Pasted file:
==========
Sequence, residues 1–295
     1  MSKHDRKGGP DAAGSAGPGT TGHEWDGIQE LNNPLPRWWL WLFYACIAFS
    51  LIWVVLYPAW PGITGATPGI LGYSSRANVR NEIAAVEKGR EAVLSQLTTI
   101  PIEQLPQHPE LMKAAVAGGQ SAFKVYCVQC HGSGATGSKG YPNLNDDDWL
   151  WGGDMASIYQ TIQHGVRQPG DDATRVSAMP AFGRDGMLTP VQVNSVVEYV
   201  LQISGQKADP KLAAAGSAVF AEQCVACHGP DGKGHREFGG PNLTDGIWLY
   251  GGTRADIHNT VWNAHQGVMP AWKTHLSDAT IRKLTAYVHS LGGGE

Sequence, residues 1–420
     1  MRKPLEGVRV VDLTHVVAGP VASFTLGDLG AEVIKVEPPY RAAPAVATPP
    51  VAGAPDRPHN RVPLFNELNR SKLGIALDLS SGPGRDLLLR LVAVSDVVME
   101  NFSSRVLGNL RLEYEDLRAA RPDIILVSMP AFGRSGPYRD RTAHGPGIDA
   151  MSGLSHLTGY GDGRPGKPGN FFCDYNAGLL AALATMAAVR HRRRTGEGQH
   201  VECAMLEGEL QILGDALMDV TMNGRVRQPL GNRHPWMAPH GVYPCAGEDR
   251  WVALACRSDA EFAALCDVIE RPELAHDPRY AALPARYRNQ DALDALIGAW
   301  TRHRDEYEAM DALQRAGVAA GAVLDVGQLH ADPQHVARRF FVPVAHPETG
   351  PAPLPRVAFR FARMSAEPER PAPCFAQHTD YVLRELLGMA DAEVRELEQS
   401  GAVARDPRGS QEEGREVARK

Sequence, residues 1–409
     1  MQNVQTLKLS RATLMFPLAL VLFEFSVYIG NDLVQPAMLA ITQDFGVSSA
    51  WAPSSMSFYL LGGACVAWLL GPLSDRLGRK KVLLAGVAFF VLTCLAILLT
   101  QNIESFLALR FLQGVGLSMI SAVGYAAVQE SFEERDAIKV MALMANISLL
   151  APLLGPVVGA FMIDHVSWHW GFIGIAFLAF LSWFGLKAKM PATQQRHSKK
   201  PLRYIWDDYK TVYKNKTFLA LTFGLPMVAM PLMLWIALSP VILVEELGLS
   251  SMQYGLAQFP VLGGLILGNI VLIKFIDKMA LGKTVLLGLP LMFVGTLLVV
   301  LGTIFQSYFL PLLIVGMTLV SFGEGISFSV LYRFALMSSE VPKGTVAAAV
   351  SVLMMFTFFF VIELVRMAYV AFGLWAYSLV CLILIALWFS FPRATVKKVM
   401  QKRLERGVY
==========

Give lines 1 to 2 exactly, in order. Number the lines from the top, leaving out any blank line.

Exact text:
Sequence, residues 1–295
     1  MSKHDRKGGP DAAGSAGPGT TGHEWDGIQE LNNPLPRWWL WLFYACIAFS